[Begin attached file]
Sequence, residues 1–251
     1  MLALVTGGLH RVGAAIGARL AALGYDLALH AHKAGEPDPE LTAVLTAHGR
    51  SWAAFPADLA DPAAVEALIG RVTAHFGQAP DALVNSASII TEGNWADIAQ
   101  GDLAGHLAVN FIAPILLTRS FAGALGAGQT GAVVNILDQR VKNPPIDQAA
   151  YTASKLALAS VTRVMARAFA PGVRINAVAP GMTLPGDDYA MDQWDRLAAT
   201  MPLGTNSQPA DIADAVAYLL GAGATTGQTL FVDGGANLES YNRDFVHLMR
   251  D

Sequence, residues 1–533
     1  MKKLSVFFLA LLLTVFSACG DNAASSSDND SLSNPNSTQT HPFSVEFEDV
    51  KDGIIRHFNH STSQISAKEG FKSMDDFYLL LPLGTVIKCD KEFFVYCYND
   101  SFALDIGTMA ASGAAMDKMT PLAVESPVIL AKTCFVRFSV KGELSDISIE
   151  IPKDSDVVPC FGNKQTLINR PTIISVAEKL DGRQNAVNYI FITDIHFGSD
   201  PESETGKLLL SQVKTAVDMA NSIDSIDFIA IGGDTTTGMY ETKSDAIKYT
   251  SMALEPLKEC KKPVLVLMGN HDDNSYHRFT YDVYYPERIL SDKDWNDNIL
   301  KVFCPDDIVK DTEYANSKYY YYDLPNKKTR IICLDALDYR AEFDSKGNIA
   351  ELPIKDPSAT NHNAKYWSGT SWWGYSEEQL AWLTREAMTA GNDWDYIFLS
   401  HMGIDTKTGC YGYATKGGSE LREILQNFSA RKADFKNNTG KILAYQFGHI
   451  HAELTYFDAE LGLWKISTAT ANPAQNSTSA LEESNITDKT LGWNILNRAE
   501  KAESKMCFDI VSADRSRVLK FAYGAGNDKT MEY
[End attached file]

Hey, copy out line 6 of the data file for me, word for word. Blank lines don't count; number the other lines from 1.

   201  MPLGTNSQPA DIADAVAYLL GAGATTGQTL FVDGGANLES YNRDFVHLMR